Same thing for filters. With resistors and capacitors you can only build half of all possible filter types. By adding an op amp you can now also do the other half.

Q: That doesn’t seem too evil to me and I don’t think many audiophiles mind feedback being used that way. Recordings are made with mic preamps, mixing desks and converters that are stuffed with op amps. The best DACs and phono stages use them.

A: Mind you, “op amp” does not have to mean “chip”. Some of the best op amps are still made from loose parts. But whether they’re made with discrete transistors or on a silicon chip, the op amp is the fundamental building block of all high performance audio circuits. But you’re right, most folks are happy with that when it comes to their signal source. It’s only when we’re talking power amplifiers that all of a sudden there’s a culture war going on.

Q: I guess they’d say that using feedback to control gain is one thing, and using it to reduce distortion is another.

A:  Feedback always does both. When you’re building a filter, you want it to be independent of the tolerances in your op amp. It only works because feedback takes the op amp’s errors out of the equation. It doesn’t matter what you intended.

All you want a power amp to do is to gain up your signal as accurately as possible and nothing else. A linear power amplifier (by which I mean class A, AB or B) is just a discrete op amp with a bigger than usual power stage.

Q: Can you put the distortion into the picture?

A: Yes. Let’s make the power stage explicit and also add in the distortion created by the power stage.

 image5.png

Normally speaking the power stage is a kind of follower circuit whose gain C is around 1. We treat the distortion as a separate input. It’s a simplification that makes it a lot easier to understand what’s going on.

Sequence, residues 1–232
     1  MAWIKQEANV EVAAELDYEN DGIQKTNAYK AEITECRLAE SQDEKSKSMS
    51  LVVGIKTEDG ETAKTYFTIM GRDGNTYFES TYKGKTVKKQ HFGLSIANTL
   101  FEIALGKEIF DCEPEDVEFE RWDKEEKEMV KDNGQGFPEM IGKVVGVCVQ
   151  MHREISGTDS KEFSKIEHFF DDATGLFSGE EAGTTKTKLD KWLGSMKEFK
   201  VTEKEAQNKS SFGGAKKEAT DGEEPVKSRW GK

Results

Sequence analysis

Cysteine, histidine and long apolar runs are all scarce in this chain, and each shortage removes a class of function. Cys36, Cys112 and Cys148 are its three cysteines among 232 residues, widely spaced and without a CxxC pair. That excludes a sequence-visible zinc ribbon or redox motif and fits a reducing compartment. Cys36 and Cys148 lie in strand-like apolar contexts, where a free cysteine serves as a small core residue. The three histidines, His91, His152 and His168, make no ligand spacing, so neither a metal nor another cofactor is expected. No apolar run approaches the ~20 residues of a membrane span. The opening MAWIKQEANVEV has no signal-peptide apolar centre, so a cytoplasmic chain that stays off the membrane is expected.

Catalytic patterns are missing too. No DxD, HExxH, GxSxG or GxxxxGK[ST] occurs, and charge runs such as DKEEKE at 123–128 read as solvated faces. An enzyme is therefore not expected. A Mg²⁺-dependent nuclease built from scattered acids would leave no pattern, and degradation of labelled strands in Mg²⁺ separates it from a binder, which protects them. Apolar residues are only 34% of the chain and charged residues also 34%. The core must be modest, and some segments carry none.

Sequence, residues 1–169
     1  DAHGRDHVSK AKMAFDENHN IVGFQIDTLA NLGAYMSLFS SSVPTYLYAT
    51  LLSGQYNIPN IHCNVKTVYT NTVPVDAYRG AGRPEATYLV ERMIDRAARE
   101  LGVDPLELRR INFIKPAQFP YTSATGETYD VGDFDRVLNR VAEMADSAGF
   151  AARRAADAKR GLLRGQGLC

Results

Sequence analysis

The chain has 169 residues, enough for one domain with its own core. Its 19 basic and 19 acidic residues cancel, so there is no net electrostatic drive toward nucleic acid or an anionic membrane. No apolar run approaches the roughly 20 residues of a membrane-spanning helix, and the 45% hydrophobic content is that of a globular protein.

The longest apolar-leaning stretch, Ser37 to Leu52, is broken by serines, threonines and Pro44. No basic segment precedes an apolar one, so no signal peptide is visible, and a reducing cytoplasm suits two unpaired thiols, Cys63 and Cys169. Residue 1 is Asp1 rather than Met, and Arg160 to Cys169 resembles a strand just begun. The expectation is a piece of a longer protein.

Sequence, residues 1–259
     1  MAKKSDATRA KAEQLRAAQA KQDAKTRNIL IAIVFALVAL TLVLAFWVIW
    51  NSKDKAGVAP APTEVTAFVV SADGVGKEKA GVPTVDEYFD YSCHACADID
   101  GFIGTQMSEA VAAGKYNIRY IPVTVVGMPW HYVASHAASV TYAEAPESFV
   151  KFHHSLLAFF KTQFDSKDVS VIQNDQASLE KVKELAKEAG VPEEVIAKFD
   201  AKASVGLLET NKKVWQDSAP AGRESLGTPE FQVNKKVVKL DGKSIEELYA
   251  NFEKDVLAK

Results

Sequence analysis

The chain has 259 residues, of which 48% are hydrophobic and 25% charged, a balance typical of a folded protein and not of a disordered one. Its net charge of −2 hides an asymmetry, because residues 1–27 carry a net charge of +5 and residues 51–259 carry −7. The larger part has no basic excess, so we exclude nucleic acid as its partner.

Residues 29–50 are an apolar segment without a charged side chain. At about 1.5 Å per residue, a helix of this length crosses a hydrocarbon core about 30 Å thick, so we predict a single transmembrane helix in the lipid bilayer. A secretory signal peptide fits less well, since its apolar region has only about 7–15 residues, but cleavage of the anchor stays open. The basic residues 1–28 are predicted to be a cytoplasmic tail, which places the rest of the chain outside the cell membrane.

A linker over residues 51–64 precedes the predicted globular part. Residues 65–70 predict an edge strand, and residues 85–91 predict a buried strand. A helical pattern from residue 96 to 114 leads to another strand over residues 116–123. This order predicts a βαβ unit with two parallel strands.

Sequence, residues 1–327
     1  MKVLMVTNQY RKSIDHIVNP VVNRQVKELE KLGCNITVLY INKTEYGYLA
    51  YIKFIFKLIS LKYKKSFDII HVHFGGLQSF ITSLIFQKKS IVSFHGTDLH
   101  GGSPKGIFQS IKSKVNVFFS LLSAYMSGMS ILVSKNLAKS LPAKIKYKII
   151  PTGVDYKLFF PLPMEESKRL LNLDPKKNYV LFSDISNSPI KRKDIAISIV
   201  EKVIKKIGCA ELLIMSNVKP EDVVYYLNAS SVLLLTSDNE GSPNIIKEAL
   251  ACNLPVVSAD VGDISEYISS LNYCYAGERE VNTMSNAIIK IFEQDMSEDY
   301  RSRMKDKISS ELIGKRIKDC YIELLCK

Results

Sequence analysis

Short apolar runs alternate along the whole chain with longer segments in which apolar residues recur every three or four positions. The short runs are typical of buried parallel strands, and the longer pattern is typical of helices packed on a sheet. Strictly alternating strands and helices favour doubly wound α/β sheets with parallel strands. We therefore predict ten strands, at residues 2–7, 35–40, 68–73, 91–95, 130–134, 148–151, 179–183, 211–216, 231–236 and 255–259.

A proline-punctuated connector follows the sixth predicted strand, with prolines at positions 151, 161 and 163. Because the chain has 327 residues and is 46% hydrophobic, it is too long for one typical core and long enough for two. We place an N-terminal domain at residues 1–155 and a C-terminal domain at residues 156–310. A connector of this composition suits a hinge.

Working backwards from the output we can write Vo by first adding Ve and then continuing through the amp, the input and then back to Vo through the attenuator:

 image6.png

Move all Vo’s to the left:

image7.png

Divide both sides by 1+ABC and rearrange:

image8.png

The result is what we had before, except we now also have a separate term with Ve in it. The output voltage is the input voltage times something plus the error voltage times something else.

That’s beautiful because it means that this circuit treats the input signal and the distortion differently. As A increases, Vi gets multiplied by something that gets ever closer to one over B. Meanwhile, Ve gets reduced by approximately A times B times C. This number (“loop gain”) is the amount of feedback.

Q: So where’s the bad news?

A: The bad news is that making A large is not trivial. It is a bloody hard problem in fact. This analysis only shows is how wonderful life would be if A were large. It doesn’t say how.

That’s where reviewers and armchair experts go wrong. They think feedback is an easy fix, a cheat almost. All you need to do is crank up A real high right? Sure, all you need to do to win the London Marathon is to run really fast and keep going. Go tell that to Sir Mo Farah.

Q: Sorry- just explain, what’s so hard about adding gain? If you can’t make an amp with enough gain, can’t you just add another one?

A: Have you tried that?

Q: I have.

A: Did it work?

Q: No, it went unstable.

A: Bingo.

Feedback responds now to what happened before. It’s about time.

The output stage isn’t infinitely fast. If you don’t want the feedback loop to overreact, you want the gain stage A to react gently at first and only add further course corrections when it sees the power stage respond.

Control systems engineers like to use simple signals to test the stability of a feedback loop. A step function, say. We perturb the system with a Ve that jumps from zero to one and then stays there. Then we watch the system steer the output back to zero.

Q: That sounds reasonable. After all, the distortion must first happen before the feedback loop can do something about it.

A: And ultimately it can’t respond any faster than it can command the output stage.

image9.png

I’ve pared the circuit down a bit. I’ve removed the input signal and the summing node with it. Then I’ve combined the gain of the attenuator into the amplifier triangle alongside the minus sign from the summing node. It’s called negative feedback for a reason.